7 Dividend Stocks for a Bear Markethttp://www.fool.com/investing/dividends-income/2008/07/22/7-dividend-stocks-for-a-bear-market.aspx James Early
July 22, 2008
Merrill Lynch says we're in a recession. Unemployment is zooming upward, but nonetheless, some investors will come out on top. I'll show you what academia says is the smart move now -- and give you seven stocks to check out -- but first, let's tackle one important question: Will your portfolio take a nosedive?
Probably, yes, it will
So you should just get out of stocks, right?
That's much harder -- and less wise -- than it seems: Academic studies have shown that timing the market doesn't work. Stocks don't price in news in a consistent, predictable manner, which means investors tend to be worse off for guessing when to get in and out of stocks. There are better moves than attempting to time the market.
Dividends dominate downturns
Dividend investing itself is a frighteningly powerful force: Wharton professor Jeremy Siegel calculated that from 1872 to 2003 -- a period encompassing numerous recessions -- a full 97% of the market's return came from reinvesting dividends. Just 3% came from capital gain on the original principal. I pursue dividend stocks in my Motley Fool Income Investor service for this simple truth: Dividend stocks are the smart place to be at all times.
Even in a recession? Dividend stocks are especially the place to be in a recession, according to research from academics Kathleen Fuller and Michael Goldstein. One of the duo's papers, "Do Dividends Matter More in Declining Markets?", found that when the overall market declines, dividend stocks outperform non-dividend-paying stocks by an additional 1% to 1.5% per month!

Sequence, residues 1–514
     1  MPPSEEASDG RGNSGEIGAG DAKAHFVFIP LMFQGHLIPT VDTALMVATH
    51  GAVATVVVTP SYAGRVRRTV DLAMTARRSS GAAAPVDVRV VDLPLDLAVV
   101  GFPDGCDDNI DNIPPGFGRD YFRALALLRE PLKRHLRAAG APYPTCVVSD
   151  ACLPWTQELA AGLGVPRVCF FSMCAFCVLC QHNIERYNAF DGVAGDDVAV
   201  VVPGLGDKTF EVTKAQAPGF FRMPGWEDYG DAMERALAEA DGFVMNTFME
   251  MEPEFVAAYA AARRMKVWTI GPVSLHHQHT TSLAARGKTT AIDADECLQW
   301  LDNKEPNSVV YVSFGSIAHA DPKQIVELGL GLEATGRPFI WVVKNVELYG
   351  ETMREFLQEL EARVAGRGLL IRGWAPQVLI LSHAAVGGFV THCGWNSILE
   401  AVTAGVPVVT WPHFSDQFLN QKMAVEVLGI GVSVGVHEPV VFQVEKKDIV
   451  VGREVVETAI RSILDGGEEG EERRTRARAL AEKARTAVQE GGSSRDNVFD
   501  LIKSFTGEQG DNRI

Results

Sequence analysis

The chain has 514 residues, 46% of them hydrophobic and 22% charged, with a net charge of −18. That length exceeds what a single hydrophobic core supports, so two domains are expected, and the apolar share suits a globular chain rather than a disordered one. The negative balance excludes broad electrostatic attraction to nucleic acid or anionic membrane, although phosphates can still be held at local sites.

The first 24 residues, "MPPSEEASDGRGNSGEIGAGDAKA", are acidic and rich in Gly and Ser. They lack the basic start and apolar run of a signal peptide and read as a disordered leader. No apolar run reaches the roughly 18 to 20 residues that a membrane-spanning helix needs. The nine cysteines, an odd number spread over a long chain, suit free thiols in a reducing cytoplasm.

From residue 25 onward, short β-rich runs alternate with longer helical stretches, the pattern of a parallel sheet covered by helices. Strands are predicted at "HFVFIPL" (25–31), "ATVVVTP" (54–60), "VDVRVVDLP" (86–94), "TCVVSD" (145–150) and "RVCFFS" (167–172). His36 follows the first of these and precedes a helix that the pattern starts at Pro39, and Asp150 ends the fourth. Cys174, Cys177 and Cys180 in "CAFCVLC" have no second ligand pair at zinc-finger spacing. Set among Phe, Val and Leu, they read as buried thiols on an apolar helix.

Moreover -- and if nothing else has gotten your attention, this will -- Fuller and Goldstein found that dividend stocks outperform with less risk. Better returns, less risk, and strong performance in a recession. Can we do any better than that with dividend stocks?
Look to the horizon
SG Equity Research divided European stocks into five brackets, according to dividend yield. Societe Generale researchers found that from 1985 to 2007, stocks in the top 20% by yield returned more than 17.5% annually, whereas the lowest-yielding bracket returned closer to 6% annually. [Insert video game failure music here.] Simple study, simple lesson: It pays to dig the high payers. But, uh, where exactly can we find them?
Since I'm looking for such stocks all the time at Income Investor, I'll start you off with a few options below, courtesy of stock-screening software Capital IQ. All have yields greater than 2.5%, have raised their dividends in the last year (because a payout hike is a special sign of strength), and sport at least some revenue growth. These aren't necessarily recommendations, but they are interesting starting points for further research.
Domestic dividend divas